Description : In the wake of the civil rights movement, a great divide has opened up between African American and Jewish communities. What was historically a harmonious and supportive relationship has suffered from a powerful and oft-repeated legend, that Jews controlled and masterminded the slave trade and owned slaves on a large scale, well in excess of their own proportion in the population. In this groundbreaking book, likely to stand as the definitive word on the subject, Eli Faber cuts through this cloud of mystification to recapture an important chapter in both Jewish and African diasporic history. Focusing on the British empire, Faber assesses the extent to which Jews participated in the institution of slavery through investment in slave trading companies, ownership of slave ships, commercial activity as merchants who sold slaves upon their arrival from Africa, and direct ownership of slaves. His unprecedented original research utilizing shipping and tax records, stock-transfer ledgers, censuses, slave registers, and synagogue records reveals, once and for all, the minimal nature of Jews' involvement in the subjugation of Africans in the Americas. A crucial corrective, Jews, Slaves, and the Slave Trade lays to rest one of the most contested historical controversies of our time.
Description : For nearly a thousand years there has been a Jewish presence in Britain. Today the Jewish community, although numbering less than 300,000 is widely seen as one of the most successful groups in Britain. This unique book describes events in Britain concerning Jews in chronological order, from ancient legend to the present times.
Description : The earliest scientific studies of Jewish messianism were conducted by the scholars of the Wissenschaft des Judentums school, particularly Heinrich Graetz, the first great Jewish historian of the Jews since Josephus. These researches were invaluable because they utilized primary sources in print and manuscript which had been previously unknown or used only in polemics. The Wissenschaft studies themselves, however, prove to be polemics as well on closer inspection. Among the goals of this group was to demonstrate that Judaism is a rational and logical faith whose legitimacy and historical progress deserve recognition by the nations of Europe. Mystical and messianic beliefs which might undermine this image were presented as aberrations or the result of corrosive foreign influences on the Jews. Gershom Scholem took upon himself the task of returning mysticism and messianism to their rightful central place in the panorama of Jewish thought. Jewish messianism was, for Scholem, a central theme in the philosophy and life of the Jews throughout their history, shaped anew by each generation to fit its specific hopes and needs. Scholem emphasized that this phenomenon was essentially independent of messianic or millenarian trends among other peoples. For example, in discussing messianism in the early modern era Scholem describes a trunk of influence on the Jewish psyche set off by the expulsion from Spain in 1492.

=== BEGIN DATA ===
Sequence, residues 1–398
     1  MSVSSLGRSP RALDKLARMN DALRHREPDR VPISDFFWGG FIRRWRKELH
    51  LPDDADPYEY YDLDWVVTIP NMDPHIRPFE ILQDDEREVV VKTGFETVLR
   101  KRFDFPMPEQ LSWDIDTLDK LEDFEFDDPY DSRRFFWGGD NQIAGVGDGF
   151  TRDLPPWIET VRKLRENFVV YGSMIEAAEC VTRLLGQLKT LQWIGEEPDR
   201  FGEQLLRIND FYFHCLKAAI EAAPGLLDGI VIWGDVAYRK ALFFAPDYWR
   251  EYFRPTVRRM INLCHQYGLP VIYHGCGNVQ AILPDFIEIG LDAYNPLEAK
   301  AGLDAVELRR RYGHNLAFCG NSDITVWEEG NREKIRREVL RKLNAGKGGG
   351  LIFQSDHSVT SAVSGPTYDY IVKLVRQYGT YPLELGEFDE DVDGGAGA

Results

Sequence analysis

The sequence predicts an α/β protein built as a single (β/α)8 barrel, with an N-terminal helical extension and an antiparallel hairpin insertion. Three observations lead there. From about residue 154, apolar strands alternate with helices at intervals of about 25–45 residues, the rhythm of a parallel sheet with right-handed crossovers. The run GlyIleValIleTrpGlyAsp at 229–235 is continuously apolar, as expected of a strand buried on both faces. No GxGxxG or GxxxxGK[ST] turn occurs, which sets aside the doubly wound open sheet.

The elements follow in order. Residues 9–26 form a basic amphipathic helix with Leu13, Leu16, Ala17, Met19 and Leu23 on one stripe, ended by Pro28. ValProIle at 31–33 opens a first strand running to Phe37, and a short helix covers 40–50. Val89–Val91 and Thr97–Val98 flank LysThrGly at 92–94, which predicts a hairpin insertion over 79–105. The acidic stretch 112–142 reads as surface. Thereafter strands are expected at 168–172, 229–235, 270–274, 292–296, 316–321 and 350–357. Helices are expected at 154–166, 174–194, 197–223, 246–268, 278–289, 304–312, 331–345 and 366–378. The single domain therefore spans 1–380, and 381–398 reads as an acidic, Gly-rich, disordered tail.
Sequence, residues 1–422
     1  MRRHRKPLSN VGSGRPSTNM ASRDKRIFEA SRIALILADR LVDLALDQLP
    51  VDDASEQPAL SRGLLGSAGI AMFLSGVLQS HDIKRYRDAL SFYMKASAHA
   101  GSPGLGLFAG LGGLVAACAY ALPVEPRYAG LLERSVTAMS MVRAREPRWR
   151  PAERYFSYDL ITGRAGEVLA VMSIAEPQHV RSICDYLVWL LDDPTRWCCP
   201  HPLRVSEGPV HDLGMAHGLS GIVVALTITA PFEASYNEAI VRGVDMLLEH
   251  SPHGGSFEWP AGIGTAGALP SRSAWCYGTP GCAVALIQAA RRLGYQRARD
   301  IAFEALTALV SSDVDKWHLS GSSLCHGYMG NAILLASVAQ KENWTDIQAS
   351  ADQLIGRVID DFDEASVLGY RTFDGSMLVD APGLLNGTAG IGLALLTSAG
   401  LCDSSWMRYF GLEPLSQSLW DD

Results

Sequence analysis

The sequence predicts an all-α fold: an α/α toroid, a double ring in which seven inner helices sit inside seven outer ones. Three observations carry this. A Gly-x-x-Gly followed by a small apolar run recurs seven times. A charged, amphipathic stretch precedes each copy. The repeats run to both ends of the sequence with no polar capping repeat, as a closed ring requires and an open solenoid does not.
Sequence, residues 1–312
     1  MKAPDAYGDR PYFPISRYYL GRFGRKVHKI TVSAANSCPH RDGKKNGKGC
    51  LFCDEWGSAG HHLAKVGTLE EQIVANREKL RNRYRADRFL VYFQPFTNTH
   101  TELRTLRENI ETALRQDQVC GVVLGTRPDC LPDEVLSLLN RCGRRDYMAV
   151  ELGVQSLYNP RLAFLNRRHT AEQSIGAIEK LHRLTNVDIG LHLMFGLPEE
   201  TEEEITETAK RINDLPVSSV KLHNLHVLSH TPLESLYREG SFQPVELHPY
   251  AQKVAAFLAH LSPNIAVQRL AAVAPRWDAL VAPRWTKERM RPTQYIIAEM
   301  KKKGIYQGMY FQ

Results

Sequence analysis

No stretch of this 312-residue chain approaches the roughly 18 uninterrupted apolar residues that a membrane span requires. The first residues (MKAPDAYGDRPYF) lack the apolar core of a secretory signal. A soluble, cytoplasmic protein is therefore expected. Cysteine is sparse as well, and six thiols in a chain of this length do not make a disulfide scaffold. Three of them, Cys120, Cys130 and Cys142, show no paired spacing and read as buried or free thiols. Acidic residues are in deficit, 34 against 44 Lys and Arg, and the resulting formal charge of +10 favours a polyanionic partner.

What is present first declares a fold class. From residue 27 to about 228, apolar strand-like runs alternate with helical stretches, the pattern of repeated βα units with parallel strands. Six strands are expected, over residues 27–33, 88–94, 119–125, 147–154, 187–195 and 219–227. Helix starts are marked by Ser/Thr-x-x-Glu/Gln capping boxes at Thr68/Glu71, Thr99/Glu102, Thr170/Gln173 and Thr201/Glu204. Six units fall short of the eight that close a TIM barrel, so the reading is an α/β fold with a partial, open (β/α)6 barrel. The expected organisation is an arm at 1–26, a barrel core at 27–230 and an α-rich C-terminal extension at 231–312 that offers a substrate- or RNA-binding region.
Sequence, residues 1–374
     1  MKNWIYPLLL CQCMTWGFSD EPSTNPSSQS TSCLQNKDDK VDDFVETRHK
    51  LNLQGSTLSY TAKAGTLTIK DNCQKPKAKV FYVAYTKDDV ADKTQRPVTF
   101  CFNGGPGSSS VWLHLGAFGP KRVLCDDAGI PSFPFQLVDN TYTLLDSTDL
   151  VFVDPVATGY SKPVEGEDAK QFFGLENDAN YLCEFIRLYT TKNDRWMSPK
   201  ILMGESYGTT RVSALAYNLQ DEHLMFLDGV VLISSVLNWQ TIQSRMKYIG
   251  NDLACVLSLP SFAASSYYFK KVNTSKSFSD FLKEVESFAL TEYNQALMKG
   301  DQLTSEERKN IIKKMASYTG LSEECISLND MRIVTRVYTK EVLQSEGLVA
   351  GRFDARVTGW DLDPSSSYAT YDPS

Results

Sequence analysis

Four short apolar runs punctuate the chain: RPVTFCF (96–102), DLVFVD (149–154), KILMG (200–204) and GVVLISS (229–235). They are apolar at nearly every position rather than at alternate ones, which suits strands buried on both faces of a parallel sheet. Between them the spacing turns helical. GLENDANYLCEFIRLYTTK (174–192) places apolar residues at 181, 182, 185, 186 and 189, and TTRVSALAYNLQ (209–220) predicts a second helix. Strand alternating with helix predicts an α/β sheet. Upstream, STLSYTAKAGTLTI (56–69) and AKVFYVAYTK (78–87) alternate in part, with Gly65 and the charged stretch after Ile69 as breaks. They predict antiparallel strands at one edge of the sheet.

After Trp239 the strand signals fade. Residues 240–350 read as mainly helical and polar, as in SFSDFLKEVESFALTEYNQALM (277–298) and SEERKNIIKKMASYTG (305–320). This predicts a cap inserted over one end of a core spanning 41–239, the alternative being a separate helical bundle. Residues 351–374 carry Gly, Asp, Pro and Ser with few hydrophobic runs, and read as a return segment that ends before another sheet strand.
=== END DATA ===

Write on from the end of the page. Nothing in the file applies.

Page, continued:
Description : This authoritative and comprehensive guide to key people and events in Anglo-Jewish history stretches from Cromwell's re-admittance of the Jews in 1656 to the present day and contains nearly 3000 entries, the vast majority of which are not featured in any other sources.
Description : What happens when we consider Shakespeare's The Merchant of Venice as a play with 'real' Jewish characters who are not mere ciphers for anti-Semitic Elizabethan stereotypes? Is Shylock Jewish studies Shakespeare's extensive use of stories from the Hebrew Bible in The Merchant of Venice, and argues that Shylock and his daughter Jessica draw on recognizably Jewish ways of engaging with those narratives throughout the play. By examining the legacy of Jewish exegesis and cultural lore surrounding these biblical episodes, this book traces the complexity and richness of Merchant's Jewish aspect, spanning encounters with Jews and the Hebrew Bible in the early modern world as well as modern adaptations of Shakespeare's play on the Yiddish stage.